Princeton professor: 'I ought to torture a terrorist' to save New York

‘Peter Singer may be the most controversial philosopher alive; he is certainly among the most influential.' -New Yorker

Professor Peter Singer. Self-identified vegan. World-famous liberal philosopher. Educated at the University of Melbourne and the University of Oxford. Professor of Bioethics in the University Center for Human Values at Princeton University. Laureate Professor at the University of Melbourne. Praised by New York's elites.

Difficult as it is to fathom, Singer's views on torture are closer to Dick Cheney's than Obama's.

In The life you can save - Acting now to end world poverty (2009) he writes (pages 165 and 166):

Take the basic argument that torture is always wrong. Given the well-documented tendency of police and guards to abuse prisoners, and the low probability that torture will yield significant information, that rule seems likely to have the best consequences. Yet, I would argue, if I find myself in the highly improbable scenario where only torturing a terrorist will enable me to stop a nuclear bomb from going off in the middle of New York, I ought to torture the terrorist. What the individual ought to do, and what the best moral rule directs one to do, are not necessarily identical.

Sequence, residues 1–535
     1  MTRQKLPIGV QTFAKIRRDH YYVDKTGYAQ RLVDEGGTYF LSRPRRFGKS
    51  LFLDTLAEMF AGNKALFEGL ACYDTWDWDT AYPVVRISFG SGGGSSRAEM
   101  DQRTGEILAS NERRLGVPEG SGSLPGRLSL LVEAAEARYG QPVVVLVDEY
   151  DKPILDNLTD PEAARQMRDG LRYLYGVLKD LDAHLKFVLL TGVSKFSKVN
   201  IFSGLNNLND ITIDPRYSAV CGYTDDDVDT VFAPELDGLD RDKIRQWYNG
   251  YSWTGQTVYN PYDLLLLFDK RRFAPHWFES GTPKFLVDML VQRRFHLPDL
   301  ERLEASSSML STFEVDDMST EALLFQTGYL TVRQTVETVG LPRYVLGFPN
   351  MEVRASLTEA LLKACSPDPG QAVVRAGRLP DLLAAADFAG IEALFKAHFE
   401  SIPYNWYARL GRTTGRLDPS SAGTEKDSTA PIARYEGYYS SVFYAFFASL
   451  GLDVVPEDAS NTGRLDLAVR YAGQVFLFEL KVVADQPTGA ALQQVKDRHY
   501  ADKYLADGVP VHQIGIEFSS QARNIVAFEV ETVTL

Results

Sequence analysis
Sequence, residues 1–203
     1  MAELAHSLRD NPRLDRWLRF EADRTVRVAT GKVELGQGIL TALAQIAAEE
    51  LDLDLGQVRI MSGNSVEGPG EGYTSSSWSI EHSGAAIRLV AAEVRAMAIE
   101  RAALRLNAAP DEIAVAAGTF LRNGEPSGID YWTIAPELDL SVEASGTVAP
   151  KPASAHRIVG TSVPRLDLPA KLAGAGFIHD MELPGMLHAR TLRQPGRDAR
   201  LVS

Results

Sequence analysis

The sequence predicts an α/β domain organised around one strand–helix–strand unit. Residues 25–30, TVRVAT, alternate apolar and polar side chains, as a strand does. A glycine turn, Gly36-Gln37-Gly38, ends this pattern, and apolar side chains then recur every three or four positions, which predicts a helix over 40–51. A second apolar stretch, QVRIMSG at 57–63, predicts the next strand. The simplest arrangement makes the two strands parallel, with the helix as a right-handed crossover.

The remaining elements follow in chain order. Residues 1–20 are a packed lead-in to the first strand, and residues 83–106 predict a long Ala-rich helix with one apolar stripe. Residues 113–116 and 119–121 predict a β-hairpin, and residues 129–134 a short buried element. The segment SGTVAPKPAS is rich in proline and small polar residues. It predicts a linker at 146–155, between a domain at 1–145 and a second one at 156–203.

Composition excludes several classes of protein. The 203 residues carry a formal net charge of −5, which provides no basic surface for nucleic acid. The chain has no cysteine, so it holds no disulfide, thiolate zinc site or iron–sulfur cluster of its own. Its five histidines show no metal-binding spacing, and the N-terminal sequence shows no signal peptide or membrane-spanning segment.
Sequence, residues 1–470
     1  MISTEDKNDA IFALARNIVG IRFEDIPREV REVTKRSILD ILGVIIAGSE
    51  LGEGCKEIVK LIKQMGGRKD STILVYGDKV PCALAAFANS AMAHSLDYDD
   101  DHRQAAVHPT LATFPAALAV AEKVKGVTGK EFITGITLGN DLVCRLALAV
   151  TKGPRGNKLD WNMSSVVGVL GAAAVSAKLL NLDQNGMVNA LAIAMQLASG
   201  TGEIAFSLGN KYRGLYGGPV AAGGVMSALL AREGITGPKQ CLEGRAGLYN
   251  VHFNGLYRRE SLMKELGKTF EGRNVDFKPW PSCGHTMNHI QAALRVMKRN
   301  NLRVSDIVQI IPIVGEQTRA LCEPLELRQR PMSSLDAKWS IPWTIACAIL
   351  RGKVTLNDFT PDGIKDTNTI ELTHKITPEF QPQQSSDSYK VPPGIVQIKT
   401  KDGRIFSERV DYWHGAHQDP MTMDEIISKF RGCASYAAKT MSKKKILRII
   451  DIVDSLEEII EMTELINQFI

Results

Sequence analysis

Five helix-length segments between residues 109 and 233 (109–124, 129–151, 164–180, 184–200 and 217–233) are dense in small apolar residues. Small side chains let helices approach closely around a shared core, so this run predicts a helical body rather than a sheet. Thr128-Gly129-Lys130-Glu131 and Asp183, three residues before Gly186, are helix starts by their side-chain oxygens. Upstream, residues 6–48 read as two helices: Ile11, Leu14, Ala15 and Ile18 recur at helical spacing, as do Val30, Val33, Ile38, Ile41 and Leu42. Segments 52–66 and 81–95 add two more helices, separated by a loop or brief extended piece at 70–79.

In other words: Yes, we can.

Granted, if liberal New Yorkers - God forbid - were under nuclear threat, then what would happen to 80 percent of Singer's fan base? ("Smart stuff," I said when reading his Jack Bauer-like arguments. "This guy knows his market.") 

To make things more interesting (see back cover):

All author royalties from the sale of this book will be donated to Oxfam.  

For the record though, the Princeton philosopher didn't reveal his preferred information-extraction techniques.

I'd suggest the "torture kit" used in "24" to save lives. Read 24 The Ultimate Guide.